Harvest is Jim Crace’s 11th novel and, like many of his other works, is an allegorical tale masquerading as historical fiction. Set in an unnamed English village over a seven day period during which the fields are enclosed, Harvest is really a book about change and about the displacement of a community responding to a major upheaval. It is also a magnificent piece of writing. But more on that in a moment. Because at the heart of the novel is the idea of enclosure, or more specifically, what enclosure meant to communities and it’s probably best to start with what enclosure is.
Traditional agricultural communities were once pretty communal in ethos. Villages had open land with strips set aside for individuals to cultivate their own crops. When those crops were harvested, the land would be open to all for the grazing of livestock. In the 15th century, these common rights over the land started to be removed with an increase in enclosure, the process whereby fields were closed off on all sides by a barrier and the title of the land given to an individual. Much is made over enclosure in terms of a historical understanding of British agriculture: it is seen by some as a way for individual manorial lords to increase their wealth at the expense of the peasantry and by others as an important move from subsistence farming to industry as it bolstered the wool trade, increasing the economic output of many areas. It is generally seen as bad in its earliest manifestation (when fields were enclosed to benefit the lord) and good in its later manifestation (when in the mid-1700s onwards fields were enclosed to profit from more efficient agricultural methods), although that is definitely open to debate. Crace is uninterested in these wider ramifications but uses the historical narrative as an opportunity to explore the effect of such a move on the peasant community.
The narrative is told from the first person perspective of Walter Thirsk, a man not native to the village: he settled there 12 years before and is therefore both sufficiently embedded to feel a part of things, but not sufficiently settled for the other villagers to trust him completely. He is a spectator to a sequence of events that sees the gradual collapse of his community prompted by the arrival of three mysterious strangers (one assumes displaced by enclosure elsewhere) and a fire in the manor house of unknown provenance. Thirsk’s detachment from the community means that much of the actual action happens away from him and provides a sense of helplessness to proceedings, which consequently carry the feeling of inevitability.
Injured in the fire, Thirsk is unable to help with the harvest and ends up helping a cartographer (the rather unsubtly named Mr Quill) survey the land. This further distances him from his fellow villagers, symbolically represented by a shift in pronouns from “we” to “I”, but also more inventively conveyed through the images of the land and the map. The landscape of Harvest would be impossible to represent on a map:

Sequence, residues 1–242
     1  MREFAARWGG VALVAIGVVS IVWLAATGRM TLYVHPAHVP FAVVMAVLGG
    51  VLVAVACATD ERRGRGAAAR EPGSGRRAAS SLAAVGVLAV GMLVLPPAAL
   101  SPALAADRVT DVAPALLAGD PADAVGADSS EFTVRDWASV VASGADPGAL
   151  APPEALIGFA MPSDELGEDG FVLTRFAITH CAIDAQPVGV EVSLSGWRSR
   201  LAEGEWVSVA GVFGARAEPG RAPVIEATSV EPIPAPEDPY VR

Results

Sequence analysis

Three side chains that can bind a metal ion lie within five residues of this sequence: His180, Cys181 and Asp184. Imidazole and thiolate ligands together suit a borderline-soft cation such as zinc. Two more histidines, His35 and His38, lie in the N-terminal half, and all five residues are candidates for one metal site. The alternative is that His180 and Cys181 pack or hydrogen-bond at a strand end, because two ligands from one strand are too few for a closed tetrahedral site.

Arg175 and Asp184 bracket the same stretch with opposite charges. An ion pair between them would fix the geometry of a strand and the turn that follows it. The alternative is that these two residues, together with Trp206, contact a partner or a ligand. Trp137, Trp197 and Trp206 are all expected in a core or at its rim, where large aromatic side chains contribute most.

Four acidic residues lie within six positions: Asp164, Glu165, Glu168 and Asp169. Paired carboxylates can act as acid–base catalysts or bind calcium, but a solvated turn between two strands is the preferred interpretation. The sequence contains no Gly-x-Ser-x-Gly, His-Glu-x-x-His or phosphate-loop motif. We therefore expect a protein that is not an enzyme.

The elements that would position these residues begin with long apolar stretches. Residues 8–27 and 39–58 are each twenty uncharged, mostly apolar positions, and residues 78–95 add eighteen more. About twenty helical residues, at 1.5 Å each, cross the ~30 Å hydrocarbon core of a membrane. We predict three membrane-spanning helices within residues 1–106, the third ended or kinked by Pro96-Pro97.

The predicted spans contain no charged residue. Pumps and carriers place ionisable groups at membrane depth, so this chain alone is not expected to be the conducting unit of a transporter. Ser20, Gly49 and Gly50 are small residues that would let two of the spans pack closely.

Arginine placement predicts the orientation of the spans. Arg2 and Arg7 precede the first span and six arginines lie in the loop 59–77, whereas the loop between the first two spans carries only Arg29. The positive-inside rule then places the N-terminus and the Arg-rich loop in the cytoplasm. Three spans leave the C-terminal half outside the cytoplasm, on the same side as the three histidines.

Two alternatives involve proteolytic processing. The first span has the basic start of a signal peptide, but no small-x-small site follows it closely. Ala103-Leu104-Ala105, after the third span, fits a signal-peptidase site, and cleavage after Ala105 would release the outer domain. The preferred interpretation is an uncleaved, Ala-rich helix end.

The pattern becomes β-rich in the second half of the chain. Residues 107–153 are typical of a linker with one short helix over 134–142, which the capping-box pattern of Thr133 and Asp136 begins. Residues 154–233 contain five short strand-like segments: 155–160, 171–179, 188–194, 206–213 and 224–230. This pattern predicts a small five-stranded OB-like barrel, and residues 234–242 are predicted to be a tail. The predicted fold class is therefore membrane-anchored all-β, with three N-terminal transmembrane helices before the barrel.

Since Spring we’ve waited with our fingers crossed as our better barley steadily renounced its green and let itself go tawny. From the lane, looking down towards the tracery of willows on the brook, the top end of our barley meadow, bristling and shivering on the breeze, showed us at last its ochres and its cadmiums, its ambers and its chromes. And the smells, which for so long in this slow summer were faint and damp, became nutlike and sugary. They promised winter ales and porridges. The awns and whiskers of the barley’s ears were brittle and dry enough to chit-chat-chit every time they were disturbed, nattering with ten thousand voices at every effort of the wind or every scarper of a rabbit, mouse or bird.
This world is alive (I count 3 or 5 examples of personification, depending on how generous I am being) and understood through the senses. The map is merely “a web of lines”, and Thirsk’s involvement with Mr Quill moves him into a pursuit that is the antithesis of that of the harvesters.
It is not hard to see the allegorical significance but in some respects, that’s part of the book’s charm: Crace has taken a somewhat esoteric historical issue and made it relevant, both by using it to inform our present day and by letting present circumstances cast a light on the past. New technologies, attitudes, and systems arrive and people are the victims; the tide of capitalism erodes the connections we feel to our location and to each other. If anything, Crace is heavy-handed with the symbolic content but manages to avoid turning this into a polemic by refusing to give answers. Much in the book remains mysterious and finishing is oddly dislocating as Crace ensures we have no idea how the future may be for Thirsk. Only that it shall be different. Crace guides us to a conclusion without making it explicit, and that’s an achievement.
What truly carries the book though is the lyricism of Crace’s prose. His writing has a rhythm to it which feels almost poetic and I found myself swept along in the ebb and flow of the sound. Take (as one of many possible examples) the second sentence in Chapter One: “Our land is topped and tailed with flames”. If this were poetry, we could speak of the iambic rhythm, the alliteration on the t and the l, and the assonance on the a. It is a beautifully written work and, of the 2013 nominees I have read so far (including The Lowland which I shall write about next week), it is the book I would most encourage you to read.